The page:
Concern has been raised that an interpretation of UK consumer law could indirectly result in ex-company cars being off-loaded into Ireland.
The issue arises over a ruling by the Advertising Standards Authority (ASA) to the effect that an ex-fleet vehicle should be declared as such and disclosed to the consumer. One million UK car buyers unknowingly bought an ex-rental or company car in the UK in the past 12 months.
Vehicle history and data expert Cartell.ie has expressed its concern that the ruling may give rise to a two-tier second hand car market in the UK, and that, as a result ex-fleet cars could be off-loaded to Ireland.
The ruling follows on from a guidance note issued by the ASA in the wake of its criticism of Fiat Chrysler Automobiles UK and Glyn Hopkin in October 2017 for advertising two ex-fleet cars for sale without disclosing that they were previously used for business purposes. The ASA in its ruling in that matter stated:
“We considered that if a dealer was aware that a vehicle was ex-fleet because it had previously been used for business purposes, then that was material information likely to influence a consumer’s decision to purchase it. Furthermore, if a dealer knew that such an ex-fleet vehicle was used by multiple users, then that too, was material information for consumers to make an informed decision.”
Subsequently in October 2017 Gateshead Council Trading Standards ruled against Peugeot Citroen Retail UK in January for an offence under the Consumer Protection from Unfair Trading Regulations 2008 when a customer bought a car in January 2017 for around £10,000 and was told at the time of sale that the car had had one previous owner, when in fact the previous owner was an international car hire firm. The company pleaded guilty to the offence and were fined £5,000 plus costs of £500. The court also ordered the company to pay the customer £1,000 in compensation.
Jeff Aherne, Director, Cartell.ie, explained the concern about the possible impact on the Irish market: “Our biggest fear is that if the UK motor industry fail to prevent this situation escalating it will be the courts and other regulatory bodies setting the value of second-hand cars rather than the marketplace. The levels of compensation for loss in value potentially awarded in the wake of the Peugeot Citroen Retail UK case could be on a scale which would make it financially attractive to move ex-fleet vehicles out of a developing two-tier UK market and into Ireland – where the benefits of ex-fleet vehicles are better understood”.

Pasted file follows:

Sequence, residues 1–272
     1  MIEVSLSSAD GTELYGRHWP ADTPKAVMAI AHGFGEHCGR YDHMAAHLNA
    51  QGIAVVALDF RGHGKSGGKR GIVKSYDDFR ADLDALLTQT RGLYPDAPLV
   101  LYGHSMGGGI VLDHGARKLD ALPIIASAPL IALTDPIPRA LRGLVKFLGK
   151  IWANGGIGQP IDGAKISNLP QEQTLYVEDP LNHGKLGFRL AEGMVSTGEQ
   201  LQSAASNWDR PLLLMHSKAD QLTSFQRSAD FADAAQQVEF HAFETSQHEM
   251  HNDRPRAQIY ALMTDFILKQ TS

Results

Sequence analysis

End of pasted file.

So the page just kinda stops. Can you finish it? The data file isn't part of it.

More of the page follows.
“While the cross-border flow of used vehicles ebbs and flows with exchange rates and other factors, the risk of ex-fleet vehicles flooding into Ireland could have an impact on used values. A UK Trading Standards decision causing a significant increase in company imports is not something we want to see as the impact on the Irish car market – and particularly on used values – would be large,” Aherne concluded.
While unlike in Ireland, obtaining information on whether a car in the UK is an ex-fleet vehicle is difficult, Cartell.ie points out that fleet vehicles are actually seen as a good used car purchase. as these vehicles are generally well maintained in accordance with the manufacturers’ schedules and are in good condition. It states that it would not be in agreement with the ASA ruling in the Hopkin case when it dismissed the argument that ex-business single use vehicles might be at least as well maintained as ex-private vehicles.